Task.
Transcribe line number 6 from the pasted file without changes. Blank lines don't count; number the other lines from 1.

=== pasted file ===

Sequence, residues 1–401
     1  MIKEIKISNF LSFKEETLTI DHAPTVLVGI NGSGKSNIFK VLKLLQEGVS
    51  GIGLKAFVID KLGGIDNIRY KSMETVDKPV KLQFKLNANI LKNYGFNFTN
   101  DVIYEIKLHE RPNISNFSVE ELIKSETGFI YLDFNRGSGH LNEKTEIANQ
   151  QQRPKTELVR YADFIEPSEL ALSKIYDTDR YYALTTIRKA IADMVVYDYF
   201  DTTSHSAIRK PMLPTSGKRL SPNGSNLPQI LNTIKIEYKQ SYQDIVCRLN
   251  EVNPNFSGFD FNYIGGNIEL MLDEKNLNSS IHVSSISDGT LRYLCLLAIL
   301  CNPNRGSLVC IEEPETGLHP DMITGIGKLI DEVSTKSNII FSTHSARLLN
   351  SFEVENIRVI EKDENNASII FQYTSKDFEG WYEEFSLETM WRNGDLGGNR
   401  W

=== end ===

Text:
   201  DTTSHSAIRK PMLPTSGKRL SPNGSNLPQI LNTIKIEYKQ SYQDIVCRLN